Type 2 – self-preservation Twos have an unconscious need to be taken care of so they ‘seduce’ by taking the role of a child among grown-ups and employing youthful ways of gaining attention and affection – being cute and expressing a childlike sense of need. The self-pres Two is therefore able to elicit care from others without having to ask directly for it – in a family, the child’s needs must come first, so taking this position ensures a privileged spot. The pride aspect of this is that there is a desire for others to place a special emphasis on meeting these unspoken needs – they want to be seen without showing themselves. Self-pres Twos need to feel unique, want to liked by everyone – the teacher’s pet. The self-pres Two doesn’t fit the usual ‘giver/helper’ mode of Twos and is more guarded and fearful, less trusting, which leads to a general ambivalence about forming close connections, especially intimate ones. The threat of rejection or disapproval is a constant danger, along with the possibility of losing themselves, being judged, taken advantage of or humiliated. Self-importance, whimsy, playfulness, charm and irresponsibility are in the foreground. They may have tantrums and sulk or be hypersensitive to criticism. They can be self-indulgent and drawn to euphoria by parties, shopping, drinking, food, fun as a way to avoid feeling their inner self-abandonment. They can also idealise others, projecting their power onto others so they don’t have to be responsible. Self-pres Twos can look like self-pres Sixes – fearful and ambivalent about relationships, but Sixes are more general in their fears and this Two’s fear mainly shows up in relationships. They can also look like Fours with the level of emotionality and longing for love, but the Two represses their needs and feelings and focuses on others more than a Four does.
Type 1 – sexual Ones turn their perfectionist energy towards others making them more of a reformer than a perfectionist. These are the only Ones who are explicitly angry and can be impatient and invasive with a sense of entitlement. Anger fuels the intensity of their desire to improve others and it can be expressed as excitement, passion or idealism about the way things could be if…other people and society reformed their behaviour. They can be compelling and vehement, with a sense that they know what is right and moral obligation to pursue this (backed up by rationalisation of rightness). There can be a sense of Mission, drawing on a higher calling. This One is less perturbed by self doubt than other Ones. They are not afraid of confrontation and can be vengeful. They perceive themselves as strong, determined, brave and decisive and they are mostly unable to see the anger that is driving them. They do have a playful side oriented toward pleasure. This One can look like an Eight, but Ones are ‘over-social’ while Eights are ‘under-social’.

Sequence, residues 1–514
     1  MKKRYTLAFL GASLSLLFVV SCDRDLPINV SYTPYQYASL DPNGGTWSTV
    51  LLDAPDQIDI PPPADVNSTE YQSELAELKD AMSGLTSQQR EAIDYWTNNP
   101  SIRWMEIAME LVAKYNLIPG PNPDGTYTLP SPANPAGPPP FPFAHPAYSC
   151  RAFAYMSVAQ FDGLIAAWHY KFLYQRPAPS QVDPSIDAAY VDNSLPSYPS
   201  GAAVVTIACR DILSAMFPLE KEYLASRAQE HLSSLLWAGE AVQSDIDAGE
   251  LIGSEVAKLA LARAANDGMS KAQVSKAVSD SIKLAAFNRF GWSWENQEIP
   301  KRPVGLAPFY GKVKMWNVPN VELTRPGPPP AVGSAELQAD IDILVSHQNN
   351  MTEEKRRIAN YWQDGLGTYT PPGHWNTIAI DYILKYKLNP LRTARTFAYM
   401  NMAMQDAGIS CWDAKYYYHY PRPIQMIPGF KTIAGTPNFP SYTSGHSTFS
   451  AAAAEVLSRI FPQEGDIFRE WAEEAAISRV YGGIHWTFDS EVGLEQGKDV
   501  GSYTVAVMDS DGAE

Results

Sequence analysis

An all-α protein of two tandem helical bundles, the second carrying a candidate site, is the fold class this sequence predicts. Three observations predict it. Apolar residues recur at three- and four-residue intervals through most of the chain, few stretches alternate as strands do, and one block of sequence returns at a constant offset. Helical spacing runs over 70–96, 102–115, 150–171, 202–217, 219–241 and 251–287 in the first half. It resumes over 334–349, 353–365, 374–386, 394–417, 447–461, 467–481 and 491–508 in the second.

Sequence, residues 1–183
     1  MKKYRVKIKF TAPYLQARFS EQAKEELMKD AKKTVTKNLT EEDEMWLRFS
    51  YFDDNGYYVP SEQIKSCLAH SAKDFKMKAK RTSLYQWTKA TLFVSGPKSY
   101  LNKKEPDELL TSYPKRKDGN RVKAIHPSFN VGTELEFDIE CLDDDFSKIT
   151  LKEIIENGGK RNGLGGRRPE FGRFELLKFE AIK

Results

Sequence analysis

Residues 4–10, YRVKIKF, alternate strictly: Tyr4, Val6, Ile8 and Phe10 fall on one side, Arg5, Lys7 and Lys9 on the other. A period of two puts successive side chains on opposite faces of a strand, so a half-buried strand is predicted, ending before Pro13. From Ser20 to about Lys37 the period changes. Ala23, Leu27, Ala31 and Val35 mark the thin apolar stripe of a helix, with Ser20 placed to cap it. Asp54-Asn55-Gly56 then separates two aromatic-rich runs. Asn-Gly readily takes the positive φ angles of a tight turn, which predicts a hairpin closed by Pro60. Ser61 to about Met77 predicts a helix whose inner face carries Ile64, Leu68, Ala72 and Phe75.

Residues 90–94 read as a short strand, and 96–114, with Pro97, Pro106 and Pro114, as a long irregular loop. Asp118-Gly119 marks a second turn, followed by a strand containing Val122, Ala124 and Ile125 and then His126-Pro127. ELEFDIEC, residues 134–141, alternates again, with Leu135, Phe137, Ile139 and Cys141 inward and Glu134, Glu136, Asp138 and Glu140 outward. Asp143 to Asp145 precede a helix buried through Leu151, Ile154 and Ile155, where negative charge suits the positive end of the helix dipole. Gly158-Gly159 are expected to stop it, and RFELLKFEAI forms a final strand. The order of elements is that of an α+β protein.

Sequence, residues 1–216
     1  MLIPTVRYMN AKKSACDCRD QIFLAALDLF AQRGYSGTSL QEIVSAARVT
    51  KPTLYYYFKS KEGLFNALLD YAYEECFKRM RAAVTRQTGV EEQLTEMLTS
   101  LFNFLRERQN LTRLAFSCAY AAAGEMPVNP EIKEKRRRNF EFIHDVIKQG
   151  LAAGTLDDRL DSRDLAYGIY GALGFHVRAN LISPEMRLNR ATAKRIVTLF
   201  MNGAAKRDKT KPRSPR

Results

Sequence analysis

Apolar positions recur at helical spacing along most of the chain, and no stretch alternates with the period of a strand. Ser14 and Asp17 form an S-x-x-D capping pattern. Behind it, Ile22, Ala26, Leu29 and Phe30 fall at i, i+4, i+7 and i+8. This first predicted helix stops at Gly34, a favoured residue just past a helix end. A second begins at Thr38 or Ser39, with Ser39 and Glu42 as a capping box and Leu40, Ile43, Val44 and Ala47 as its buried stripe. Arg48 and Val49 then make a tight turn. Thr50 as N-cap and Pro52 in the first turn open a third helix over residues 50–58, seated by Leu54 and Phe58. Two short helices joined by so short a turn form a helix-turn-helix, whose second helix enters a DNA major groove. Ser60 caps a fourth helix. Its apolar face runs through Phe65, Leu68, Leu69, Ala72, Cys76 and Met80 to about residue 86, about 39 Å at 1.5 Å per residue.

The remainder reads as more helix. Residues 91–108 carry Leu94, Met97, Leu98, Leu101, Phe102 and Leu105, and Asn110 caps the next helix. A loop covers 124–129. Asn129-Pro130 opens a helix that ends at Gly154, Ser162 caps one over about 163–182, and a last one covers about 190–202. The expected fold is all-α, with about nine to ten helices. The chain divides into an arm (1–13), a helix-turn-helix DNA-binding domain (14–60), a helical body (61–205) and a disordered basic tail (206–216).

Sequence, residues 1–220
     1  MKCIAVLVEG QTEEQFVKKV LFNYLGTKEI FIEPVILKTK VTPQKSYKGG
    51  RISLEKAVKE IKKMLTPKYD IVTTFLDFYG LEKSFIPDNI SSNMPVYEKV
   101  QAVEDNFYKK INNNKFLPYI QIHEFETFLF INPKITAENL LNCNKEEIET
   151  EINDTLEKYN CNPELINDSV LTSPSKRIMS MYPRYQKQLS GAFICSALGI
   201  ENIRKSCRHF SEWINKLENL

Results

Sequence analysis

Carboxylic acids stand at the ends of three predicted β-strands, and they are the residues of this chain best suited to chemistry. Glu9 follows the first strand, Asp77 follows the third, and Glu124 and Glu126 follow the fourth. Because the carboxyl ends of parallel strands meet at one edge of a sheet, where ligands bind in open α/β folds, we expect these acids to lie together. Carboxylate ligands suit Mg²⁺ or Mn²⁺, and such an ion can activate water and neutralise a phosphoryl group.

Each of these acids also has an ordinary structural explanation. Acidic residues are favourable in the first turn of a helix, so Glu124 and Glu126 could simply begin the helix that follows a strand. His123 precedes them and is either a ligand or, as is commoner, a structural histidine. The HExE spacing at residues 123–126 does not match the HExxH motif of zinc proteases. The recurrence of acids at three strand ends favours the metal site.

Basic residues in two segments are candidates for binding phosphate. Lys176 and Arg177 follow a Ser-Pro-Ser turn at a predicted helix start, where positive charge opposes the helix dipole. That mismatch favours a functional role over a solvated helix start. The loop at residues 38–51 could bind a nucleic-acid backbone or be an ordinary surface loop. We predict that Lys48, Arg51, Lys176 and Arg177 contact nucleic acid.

Narrow down your type and listen to the appropriate subtypes podcast in the link above until you find the one where you resonate and recognise yourself. If you are still wavering, ask a friend for their perspective and listen again.
Once you have narrowed down your type and listened to a description of your sub-type (this will sound like some of your darker secrets are being broadcast, and also some of your brightest hopes about yourself are being affirmed), then start noticing the particular ways that your personality comes into play with your significant relationships, your work, your prayer and your inner conversations/fantasies/projections. It might help to keep a journal or make a date with yourself or another to sit/swim/weed/walk/whatever and reflect/ talk and download.
Return to the passion of your type and now with the laser focus of your sub-type, see if your can spot the places where your personality locks you into a limiting pattern and just notice what is happening inside you – sense, feel, think – with compassion and curiosity. Note that in your journal/with your conversation partner.
Silence, solitude, stillness
Keep returning to the practice, whatever it is that you have found to make that space to let go and to rest, consenting to Love’s presence and action within.